Identification of parameters required for efficient lentiviral vector transduction and engraftment of human cord blood CD34+ NOD/SCID-repopulating cells

Ying Liu, Giao Hangoc, Timothy B. Campbell, Michael Goodman, Wen Tao, Karen Pollok, Edward F. Srour, Hal E. Broxmeyer

Research output: Contribution to journalArticle

21 Scopus citations

Abstract

Objective: Human cord blood (CB) is a potential source of hematopoietic stem cells (HSC) for gene therapy to treat patients with hematopoietic disorders. However, limited numbers of CB CD34+ cells, low transduction efficiency with lentiviral vectors (LVs), and low engraftment efficiency of nonobese diabetic/severe combined immunodeficient (NOD/SCID) repopulating cells (SRC), a measure of HSC, are blocks to this procedure. To optimize culture and transduction conditions, we compared various lengths of time for prestimulation before transduction, transduction duration, and posttransduction cell culture. Materials and Methods: We used a LV to transduce human CB CD34+ cells followed by engraftment into NOD/SCID mice. We evaluated the effects of prestimulation and transduction time and optimized ex vivo cell culture duration before transplantation. Results: We were able to achieve up to 40% transduction efficiency and up to 50% engraftment efficiency of SRC in CB CD34+ cells when CB CD34+ cells were either not prestimulated or prestimulated in 1% fetal bovine serum medium for 1 hour, followed by 5 hours transduction and 3 days culture in a cocktail of growth factors after transduction. No apparent functional changes of CB CD34+ cells were noted under these conditions. Conclusion: This gene-transduction/cell-expansion protocol is the first systematic study to optimize prestimulation time, transduction time, and, very importantly, ex vivo culture time after transduction, and may be of use for LV gene transduction in a gene therapy setting.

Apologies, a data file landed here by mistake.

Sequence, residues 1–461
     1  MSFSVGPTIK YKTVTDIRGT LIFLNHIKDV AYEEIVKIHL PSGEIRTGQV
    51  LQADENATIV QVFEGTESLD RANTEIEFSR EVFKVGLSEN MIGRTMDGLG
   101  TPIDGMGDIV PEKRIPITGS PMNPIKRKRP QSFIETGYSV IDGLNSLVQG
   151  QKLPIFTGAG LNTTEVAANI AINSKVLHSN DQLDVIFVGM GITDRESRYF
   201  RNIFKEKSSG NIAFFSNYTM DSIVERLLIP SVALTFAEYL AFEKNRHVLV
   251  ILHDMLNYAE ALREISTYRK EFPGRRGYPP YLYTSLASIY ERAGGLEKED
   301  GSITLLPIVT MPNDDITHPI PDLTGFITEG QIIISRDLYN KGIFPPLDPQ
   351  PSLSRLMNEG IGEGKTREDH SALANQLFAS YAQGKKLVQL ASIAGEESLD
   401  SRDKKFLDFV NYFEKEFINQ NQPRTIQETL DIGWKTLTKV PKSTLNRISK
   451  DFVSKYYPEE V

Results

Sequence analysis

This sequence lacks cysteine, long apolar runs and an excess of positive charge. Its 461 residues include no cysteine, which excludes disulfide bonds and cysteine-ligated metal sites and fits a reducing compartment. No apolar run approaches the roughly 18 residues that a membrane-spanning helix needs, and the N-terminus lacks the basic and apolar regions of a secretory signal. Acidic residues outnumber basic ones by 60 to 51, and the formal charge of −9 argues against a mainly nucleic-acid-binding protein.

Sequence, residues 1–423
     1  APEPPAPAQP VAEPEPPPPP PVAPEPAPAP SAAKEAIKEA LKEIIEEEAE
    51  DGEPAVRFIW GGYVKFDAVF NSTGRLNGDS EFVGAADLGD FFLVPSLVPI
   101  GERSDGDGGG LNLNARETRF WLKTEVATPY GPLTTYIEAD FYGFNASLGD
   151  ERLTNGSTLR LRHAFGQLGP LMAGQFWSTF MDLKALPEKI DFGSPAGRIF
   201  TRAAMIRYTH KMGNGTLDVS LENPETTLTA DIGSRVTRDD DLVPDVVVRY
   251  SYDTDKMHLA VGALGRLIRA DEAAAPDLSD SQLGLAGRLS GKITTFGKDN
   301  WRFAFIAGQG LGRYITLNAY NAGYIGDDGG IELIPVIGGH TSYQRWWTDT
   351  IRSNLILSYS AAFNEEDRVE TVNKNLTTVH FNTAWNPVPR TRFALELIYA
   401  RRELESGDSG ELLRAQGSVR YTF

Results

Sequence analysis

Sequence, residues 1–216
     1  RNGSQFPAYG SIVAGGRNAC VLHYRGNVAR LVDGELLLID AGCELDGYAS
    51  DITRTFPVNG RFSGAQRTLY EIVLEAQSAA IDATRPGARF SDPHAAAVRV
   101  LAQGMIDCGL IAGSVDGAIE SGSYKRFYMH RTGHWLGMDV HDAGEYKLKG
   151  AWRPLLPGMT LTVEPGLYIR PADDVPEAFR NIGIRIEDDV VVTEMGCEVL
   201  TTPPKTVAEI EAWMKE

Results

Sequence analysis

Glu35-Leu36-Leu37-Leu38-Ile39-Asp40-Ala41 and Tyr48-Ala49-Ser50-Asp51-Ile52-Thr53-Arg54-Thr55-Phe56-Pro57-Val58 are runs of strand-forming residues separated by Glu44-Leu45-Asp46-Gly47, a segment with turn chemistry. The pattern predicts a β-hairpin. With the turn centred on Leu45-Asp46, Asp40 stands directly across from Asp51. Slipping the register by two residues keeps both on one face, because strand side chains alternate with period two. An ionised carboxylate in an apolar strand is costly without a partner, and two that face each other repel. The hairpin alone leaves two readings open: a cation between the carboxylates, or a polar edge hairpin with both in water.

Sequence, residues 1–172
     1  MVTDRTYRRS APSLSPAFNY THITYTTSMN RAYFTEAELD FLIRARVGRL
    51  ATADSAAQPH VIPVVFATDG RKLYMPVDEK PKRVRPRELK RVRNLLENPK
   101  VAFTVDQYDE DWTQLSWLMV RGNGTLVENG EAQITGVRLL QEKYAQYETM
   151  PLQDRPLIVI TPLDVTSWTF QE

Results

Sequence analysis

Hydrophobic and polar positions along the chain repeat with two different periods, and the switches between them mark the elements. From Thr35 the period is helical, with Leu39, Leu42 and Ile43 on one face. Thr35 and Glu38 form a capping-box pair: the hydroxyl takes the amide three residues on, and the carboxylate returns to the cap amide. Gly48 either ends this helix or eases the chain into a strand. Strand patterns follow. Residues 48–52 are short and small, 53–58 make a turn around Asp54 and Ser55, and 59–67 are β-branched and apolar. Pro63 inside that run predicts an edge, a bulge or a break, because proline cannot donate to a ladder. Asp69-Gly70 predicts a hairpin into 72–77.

Original languageEnglish (US)
Pages (from-to)947-956
Number of pages10
JournalExperimental Hematology
Volume36
Issue number8
DOIs
StatePublished - Aug 1 2008

ASJC Scopus subject areas

  • Molecular Biology
  • Hematology
  • Genetics
  • Cell Biology
  • Cancer Research

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